Suboxone vs buprenorphine: Time for a name change?

For the past 6 years, Reckitt-Benckiser has sold buprenorphine under the brand names ‘Suboxone’ and ‘Subutex’. Buprenorphine has been sold under other names in the past, notably ‘Temgesic’, which was buprenorphine intended for intravenous use by medical professionals treating pain. Many people, myself included, have been anxiously awaiting a less expensive formulation of buprenorphine– for example a generic product. We could also use a number of new formulations of the drug called ‘Suboxone’; it is very difficult to taper in it’s present form, for example, and a large pill with lower concentrations would be a tremendous help. Even better would be a ‘taper pack’; many medications make taper packs for use in STARTING the medication (e.g. Lamictal), and I suppose they see a pack used to STOP a medication to be counter-productive from a sales standpoint. I would argue, though, that having an easy exit strategy in place would increase the number of addicts whoe would accept treatment with buprenorphine. And if the sales angle isn’t persuasive enough, there is always the fact that a taper pack WOULD MAKE LIFE BETTER FOR PEOPLE! If that is not important to the manufacturer, they could always comfort themselves by cranking up the price of a taper pack to get that one last shot at the patient’s wallet.
I have used the word ‘Suboxone’ in my blog and forum (and also in educational youtube videos) because that is the word that people search for. But I have to think that SOME generic company will pick up buprenorphine as it goes off patent– which I think happens next month. And when that happens, I am sure the R-B people would love to hang on to the ‘brand loyalty’ by keeping people using the word ‘Suboxone’. That is what the makers of Tylenol managed to do– people ask for Tylenol, not for ‘acetominophen’. People ask for Motrin, not ‘ibuprofen’. And people ask for ‘Xanax’, even though the generic ‘alprazolam’ is much less expensive. I have no allegiance to RB or ‘Suboxone.’ If anything I am annoyed with the company; unlike other pharmaceutical companies they are very difficult to reach at the corporate level, and when I have attempted to contact someone within the science division or someone in a position to discuss the issues I describe above, I am told that so and so will call– but they never do. Sniff sniff… On the other hand, I have no problem speaking to various levels of other pharmaceutical companies. I have presumed the reason was because Reckitt-Benckiser is a British cleaning products company and they don’t really have it together. But to a large extent I am tired of carrying water for them, and watching the price go up on Suboxone.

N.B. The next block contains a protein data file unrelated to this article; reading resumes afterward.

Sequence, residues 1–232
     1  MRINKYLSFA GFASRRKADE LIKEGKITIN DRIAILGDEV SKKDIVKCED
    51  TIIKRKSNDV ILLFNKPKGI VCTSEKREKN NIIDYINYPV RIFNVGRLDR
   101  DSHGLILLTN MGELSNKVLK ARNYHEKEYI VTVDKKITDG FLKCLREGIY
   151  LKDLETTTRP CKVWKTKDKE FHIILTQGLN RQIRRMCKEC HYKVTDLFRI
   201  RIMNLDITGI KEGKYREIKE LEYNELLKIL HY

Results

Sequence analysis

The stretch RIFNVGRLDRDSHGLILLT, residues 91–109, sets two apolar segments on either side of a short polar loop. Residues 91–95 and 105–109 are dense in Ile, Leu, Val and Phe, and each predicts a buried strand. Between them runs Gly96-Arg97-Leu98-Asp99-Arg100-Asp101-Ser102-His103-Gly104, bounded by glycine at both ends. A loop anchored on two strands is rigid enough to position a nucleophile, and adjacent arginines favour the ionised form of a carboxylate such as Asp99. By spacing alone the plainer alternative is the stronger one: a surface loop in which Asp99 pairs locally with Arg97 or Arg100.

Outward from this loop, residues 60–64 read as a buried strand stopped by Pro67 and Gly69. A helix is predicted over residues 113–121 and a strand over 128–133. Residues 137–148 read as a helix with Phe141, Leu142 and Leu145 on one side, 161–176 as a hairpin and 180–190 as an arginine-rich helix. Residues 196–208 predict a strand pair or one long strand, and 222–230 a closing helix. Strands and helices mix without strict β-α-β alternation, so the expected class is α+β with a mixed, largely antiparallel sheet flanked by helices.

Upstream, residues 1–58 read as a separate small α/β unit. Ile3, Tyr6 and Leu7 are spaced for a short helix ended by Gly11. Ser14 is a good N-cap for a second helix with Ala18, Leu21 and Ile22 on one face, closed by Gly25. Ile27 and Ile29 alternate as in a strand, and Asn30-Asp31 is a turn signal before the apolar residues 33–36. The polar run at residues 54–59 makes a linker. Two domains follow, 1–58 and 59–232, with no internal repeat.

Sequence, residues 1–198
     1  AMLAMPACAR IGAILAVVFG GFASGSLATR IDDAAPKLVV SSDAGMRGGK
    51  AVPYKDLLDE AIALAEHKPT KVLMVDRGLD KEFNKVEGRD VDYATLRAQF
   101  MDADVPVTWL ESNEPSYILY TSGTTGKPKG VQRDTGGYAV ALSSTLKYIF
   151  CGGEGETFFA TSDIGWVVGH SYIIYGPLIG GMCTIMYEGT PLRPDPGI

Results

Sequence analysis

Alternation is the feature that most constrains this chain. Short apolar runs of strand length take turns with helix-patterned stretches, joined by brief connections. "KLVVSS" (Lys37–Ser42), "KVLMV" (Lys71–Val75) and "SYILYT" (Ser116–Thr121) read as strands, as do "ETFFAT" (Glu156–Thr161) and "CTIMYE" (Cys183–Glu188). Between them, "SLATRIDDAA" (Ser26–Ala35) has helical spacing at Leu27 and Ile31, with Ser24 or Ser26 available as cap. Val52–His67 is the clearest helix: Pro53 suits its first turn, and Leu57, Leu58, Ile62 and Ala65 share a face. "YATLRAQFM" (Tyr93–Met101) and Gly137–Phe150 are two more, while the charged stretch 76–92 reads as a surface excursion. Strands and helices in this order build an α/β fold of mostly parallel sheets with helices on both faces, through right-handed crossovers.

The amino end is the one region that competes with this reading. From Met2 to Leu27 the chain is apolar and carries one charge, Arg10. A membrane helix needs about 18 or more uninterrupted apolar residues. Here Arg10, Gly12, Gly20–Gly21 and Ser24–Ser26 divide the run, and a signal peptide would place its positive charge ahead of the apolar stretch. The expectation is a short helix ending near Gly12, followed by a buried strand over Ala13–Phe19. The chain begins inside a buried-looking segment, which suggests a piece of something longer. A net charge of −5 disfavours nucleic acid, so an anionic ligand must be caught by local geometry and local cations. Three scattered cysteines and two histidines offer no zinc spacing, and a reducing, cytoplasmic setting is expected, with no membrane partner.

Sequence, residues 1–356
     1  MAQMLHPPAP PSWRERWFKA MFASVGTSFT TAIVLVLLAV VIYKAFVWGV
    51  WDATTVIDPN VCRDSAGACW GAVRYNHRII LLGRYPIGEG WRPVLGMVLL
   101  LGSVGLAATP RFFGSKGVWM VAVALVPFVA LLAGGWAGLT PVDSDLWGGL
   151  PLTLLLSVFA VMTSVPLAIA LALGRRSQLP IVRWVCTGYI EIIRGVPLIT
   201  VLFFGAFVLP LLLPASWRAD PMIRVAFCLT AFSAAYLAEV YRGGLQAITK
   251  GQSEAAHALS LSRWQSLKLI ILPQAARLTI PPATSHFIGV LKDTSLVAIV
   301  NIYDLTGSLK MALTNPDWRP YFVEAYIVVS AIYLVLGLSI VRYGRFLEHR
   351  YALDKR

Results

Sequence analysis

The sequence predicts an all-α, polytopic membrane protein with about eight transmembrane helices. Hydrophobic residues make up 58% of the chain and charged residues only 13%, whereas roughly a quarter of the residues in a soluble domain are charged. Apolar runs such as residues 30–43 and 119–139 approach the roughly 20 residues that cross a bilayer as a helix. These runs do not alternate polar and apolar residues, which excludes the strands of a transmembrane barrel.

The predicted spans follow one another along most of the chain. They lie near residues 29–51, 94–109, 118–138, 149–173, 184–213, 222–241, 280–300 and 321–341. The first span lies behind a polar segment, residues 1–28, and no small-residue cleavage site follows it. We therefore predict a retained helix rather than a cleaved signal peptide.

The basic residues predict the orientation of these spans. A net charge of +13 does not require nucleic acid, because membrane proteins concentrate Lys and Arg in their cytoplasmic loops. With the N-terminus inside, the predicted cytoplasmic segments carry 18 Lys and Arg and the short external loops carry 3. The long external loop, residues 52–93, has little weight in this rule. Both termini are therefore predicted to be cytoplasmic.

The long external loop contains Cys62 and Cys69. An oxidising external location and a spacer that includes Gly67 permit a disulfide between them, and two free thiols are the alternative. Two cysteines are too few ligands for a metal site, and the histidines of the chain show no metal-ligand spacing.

In medicine in general, doctors are encouraged to refer to medications by their generic names or by their chemical names. I strongly recommend we learn to do that with buprenorphine. I am probably shooting myself in the foot a bit since my blog responds very well to the search term ‘Suboxone’, but if we don’t make the change, we will all be advertising a product that will eventually have a less-expensive equivalent product. I recommend the term ‘bupe;’ it is easy enough to say, even easier than Suboxone. In fact, if every person talking about Suboxone changes to the word ‘bupe’, that will reduce use of syllables by 66% for that word– as Obama said last night, imagine the cost savings (in the form of time savings– but time is money!) if we could reduce the number of syllables for ALL words! Pretty soon the average male phone call would take 10 seconds instead of 30 seconds, and the average female phone call would drop to less than 30 minutes!

2 thoughts on “Suboxone vs buprenorphine: Time for a name change?”

  1. Great post. I’m surprised the company treated you like that considering you really push there product (because it works not because of money). I’m sure a company will definitely will pick it up since it will go generic. I sure hope so.

  2. Likewise I’m hopeful for a generic equivalent. I am a long term (3+ yr) bupe patient – cash pay, since BCBS (In)Complete dropped it from their covered formulatory about three months after I began treatment. It works for me however, and all in all a combined $700 per month (doc and meds) is still significantly cheaper, healthier, and much less dangerous than active opiate addiction. I trust, Doc, you will let us know when a generic equivalent is available??? I am a faithful appreciative subscriber to your blog, and while I frequently ask my pharmacist whether a generic is on the horizon, I somehow feel he doesn’t go out of his way to check. Thanks for your great work – I hope you continue to find the time to keep it up, and I anxiously await your book.

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